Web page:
Your Midnight Snack Isn’t Just Bad for Your Diet — It's Affecting Your Memory, Too
Magazine / Your Midnight Snack Isn’t Just Bad for Your Diet — It's Affecting Your Memory, Too

Your Midnight Snack Isn’t Just Bad for Your Diet — It's Affecting Your Memory, Too

Your Midnight Snack Isn’t Just Bad for Your Diet — It's Affecting Your Memory, Too

reseWhile expanding waistlines are what people usually imagine as a result of late night snacking, a new study out of UCLA suggests that our memories might also be at risk. The study tested what happens when eating time is disassociated from light-dark cycles. “The timing of food is a powerful signal to our brain,” said Christopher Colwell, the director for the Laboratory of Circadian and Sleep Medicine and lead author on the study. Researchers misaligned the time during which food was made available to mice, normally nocturnal creatures, forcing them to eat during the day. They monitored total sleep time, which was unaffected — both the misaligned mice and the control group slept the same total amount of time. But the misaligned mice slept more sporadically and ate during hours that would naturally be reserved for sleep.

Researchers concluded that “taking in calories at the wrong time of day … has a negative impact on your metabolism,” Colwell said, adding that the repercussions of metabolic disruption are felt right down to brain chemistry.

The protein most affected by the disruption is known as CREB, explained Cristina Ghiani, associate professor at the David Geffen School of Medicine at UCLA and an author on the paper. CREB binds to DNA, activating certain genes associated with both circadian rhythms and the pathways for learning and memory in the hippocampus. Disruptions in CREB, caused by misaligned eating schedules that disrupted the sleep-wake cycle, resulted in impaired cognitive function in the mice: They showed a decreased ability to recognize objects and a decline in long-term memory.

But Fred Turek, director of the Center for Sleep and Circadian Biology at Northwestern University, an expert in the field unaffiliated with the UCLA study, noted that the study still hasn’t teased apart which of these effects are due to the mice’s sporadic sleep patterns or their circadian misalignment. (Fragmented sleep has previously been shown to impact memory consolidation during sleep.) The effects of circadian disruption are diverse, so perhaps it’s both. Turek noted that the liver is particularly sensitive to circadian disruption, altering the feedback to the brain during meal times. Yet as far as symptoms go, the result is the same, Turek said, and the study highlights the particular effects on learning and memory.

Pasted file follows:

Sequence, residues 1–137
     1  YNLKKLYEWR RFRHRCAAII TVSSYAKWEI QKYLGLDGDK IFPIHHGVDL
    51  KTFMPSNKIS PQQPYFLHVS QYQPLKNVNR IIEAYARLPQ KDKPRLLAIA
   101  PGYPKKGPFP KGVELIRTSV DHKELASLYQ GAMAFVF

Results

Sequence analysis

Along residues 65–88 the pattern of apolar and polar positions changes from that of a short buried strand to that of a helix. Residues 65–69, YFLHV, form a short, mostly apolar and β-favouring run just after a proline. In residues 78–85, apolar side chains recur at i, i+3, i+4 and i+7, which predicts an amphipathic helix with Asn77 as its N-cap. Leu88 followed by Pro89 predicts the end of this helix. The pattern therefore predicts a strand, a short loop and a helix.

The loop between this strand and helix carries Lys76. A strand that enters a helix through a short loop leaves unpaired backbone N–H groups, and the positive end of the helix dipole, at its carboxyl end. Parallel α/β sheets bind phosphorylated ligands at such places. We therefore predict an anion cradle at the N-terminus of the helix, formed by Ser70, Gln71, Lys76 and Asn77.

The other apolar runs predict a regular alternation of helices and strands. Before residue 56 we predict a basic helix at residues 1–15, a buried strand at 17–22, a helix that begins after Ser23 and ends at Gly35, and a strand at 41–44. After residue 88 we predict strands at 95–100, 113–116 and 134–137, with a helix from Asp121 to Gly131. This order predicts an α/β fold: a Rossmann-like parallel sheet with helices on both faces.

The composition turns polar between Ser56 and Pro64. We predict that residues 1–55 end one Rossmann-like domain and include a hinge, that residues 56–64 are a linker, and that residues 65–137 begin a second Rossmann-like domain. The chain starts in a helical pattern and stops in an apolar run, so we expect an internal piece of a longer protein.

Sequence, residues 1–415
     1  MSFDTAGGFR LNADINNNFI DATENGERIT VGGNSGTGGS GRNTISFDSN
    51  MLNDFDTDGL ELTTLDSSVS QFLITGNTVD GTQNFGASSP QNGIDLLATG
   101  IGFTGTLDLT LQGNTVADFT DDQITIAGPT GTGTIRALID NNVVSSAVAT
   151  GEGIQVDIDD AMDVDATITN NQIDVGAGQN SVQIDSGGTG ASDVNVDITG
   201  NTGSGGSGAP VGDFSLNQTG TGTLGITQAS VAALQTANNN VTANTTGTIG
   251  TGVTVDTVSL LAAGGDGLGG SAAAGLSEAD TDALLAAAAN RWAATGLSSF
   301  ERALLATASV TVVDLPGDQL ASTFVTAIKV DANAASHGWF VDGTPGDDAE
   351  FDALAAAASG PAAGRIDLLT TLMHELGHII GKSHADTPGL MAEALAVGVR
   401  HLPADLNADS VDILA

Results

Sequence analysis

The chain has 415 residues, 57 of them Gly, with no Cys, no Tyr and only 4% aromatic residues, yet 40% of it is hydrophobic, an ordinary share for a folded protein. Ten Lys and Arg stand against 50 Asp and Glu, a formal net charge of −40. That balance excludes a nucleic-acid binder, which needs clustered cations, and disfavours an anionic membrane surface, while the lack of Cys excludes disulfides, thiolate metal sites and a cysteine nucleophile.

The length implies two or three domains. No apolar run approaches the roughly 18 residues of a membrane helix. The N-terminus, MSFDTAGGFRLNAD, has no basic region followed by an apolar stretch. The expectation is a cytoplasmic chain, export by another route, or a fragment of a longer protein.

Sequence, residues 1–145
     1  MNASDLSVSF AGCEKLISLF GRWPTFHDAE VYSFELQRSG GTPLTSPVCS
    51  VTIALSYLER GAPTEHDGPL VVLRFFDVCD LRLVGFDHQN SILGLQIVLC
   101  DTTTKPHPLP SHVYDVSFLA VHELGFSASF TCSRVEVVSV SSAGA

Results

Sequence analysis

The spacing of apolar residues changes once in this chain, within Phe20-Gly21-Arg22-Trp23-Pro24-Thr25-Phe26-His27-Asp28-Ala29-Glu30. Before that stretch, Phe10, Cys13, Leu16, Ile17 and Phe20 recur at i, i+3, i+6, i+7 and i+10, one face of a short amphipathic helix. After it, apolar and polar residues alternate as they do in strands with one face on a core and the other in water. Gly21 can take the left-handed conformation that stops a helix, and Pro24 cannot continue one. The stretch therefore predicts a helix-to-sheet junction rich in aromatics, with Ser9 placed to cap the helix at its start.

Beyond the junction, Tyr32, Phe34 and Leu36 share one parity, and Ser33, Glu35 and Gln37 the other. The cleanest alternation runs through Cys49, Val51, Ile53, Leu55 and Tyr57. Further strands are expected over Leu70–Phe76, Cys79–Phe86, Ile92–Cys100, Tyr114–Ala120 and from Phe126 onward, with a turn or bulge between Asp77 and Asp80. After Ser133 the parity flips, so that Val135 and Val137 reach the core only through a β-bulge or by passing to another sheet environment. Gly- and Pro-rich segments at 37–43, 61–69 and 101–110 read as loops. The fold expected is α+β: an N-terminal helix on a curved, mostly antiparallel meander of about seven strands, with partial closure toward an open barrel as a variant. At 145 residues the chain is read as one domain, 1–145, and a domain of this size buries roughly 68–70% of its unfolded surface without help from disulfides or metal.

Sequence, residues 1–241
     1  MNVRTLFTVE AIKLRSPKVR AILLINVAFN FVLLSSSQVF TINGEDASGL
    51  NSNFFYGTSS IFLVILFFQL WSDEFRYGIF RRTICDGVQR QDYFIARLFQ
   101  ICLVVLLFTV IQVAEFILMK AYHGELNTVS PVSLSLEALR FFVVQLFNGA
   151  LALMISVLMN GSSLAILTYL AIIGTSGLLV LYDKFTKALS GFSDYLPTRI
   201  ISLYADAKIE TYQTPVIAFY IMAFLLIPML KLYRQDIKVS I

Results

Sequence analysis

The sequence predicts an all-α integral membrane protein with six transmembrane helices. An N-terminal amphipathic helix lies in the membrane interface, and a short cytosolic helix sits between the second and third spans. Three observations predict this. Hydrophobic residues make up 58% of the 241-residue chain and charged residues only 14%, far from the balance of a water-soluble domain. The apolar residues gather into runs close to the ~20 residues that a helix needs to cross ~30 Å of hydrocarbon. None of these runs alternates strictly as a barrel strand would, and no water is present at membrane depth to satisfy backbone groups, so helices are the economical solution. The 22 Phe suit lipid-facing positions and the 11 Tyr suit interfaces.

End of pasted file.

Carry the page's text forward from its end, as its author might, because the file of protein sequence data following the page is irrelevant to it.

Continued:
Save the Disruption for Silicon Valley

Circadian rhythms regulate our daily lives: They’re responsible for our peak hours of productivity; they make our eyes drift shut as evening turns to darkness; they cause pangs of hunger as our metabolisms rev up for an expected meal time. But the dictums of contemporary work culture drive us to work longer, later, harder, and as a result those circadian rhythms are chronically disrupted.

The misalignment already has wide-ranging implications for the modern workforce. Though the three authors were cautious in extrapolating directly onto people, in the human body CREB serves the same purpose as in mice. It helps explain some of the health trends among shift workers — increased susceptibility to disorders that implicate CREB, a decline in cognitive ability — and offers individuals with poor habits a route for change.

The mice in the study took full meals at inappropriate times, Colwell said, adding that the effects could be mitigated simply by reaching for something a bit lighter. Dawn Hsiao-Wei Loh, a researcher with UCLA’s Laboratory of Circadian and Sleep Medicine and one of the authors of the study, added that small changes can be made to evening environments, including apps like f.lux that regulate the amount of blue light emanating from our screens. And further research could have wide-ranging clinical implications. Disorders like Huntington’s Disease, Parkinson’s Disease, and Alzheimer’s Disease have links to disrupted sleep-wake cycles, so Colwell floated a hypothesis that meal timing could be used to strengthen patients’ circadian rhythms and improve cognitive function. It’s not a cure, but it’s a useful tool when a cure is not yet available.

Until then, if the urge to snack late at night strikes you, stick to smaller portions and keep the lights down low.


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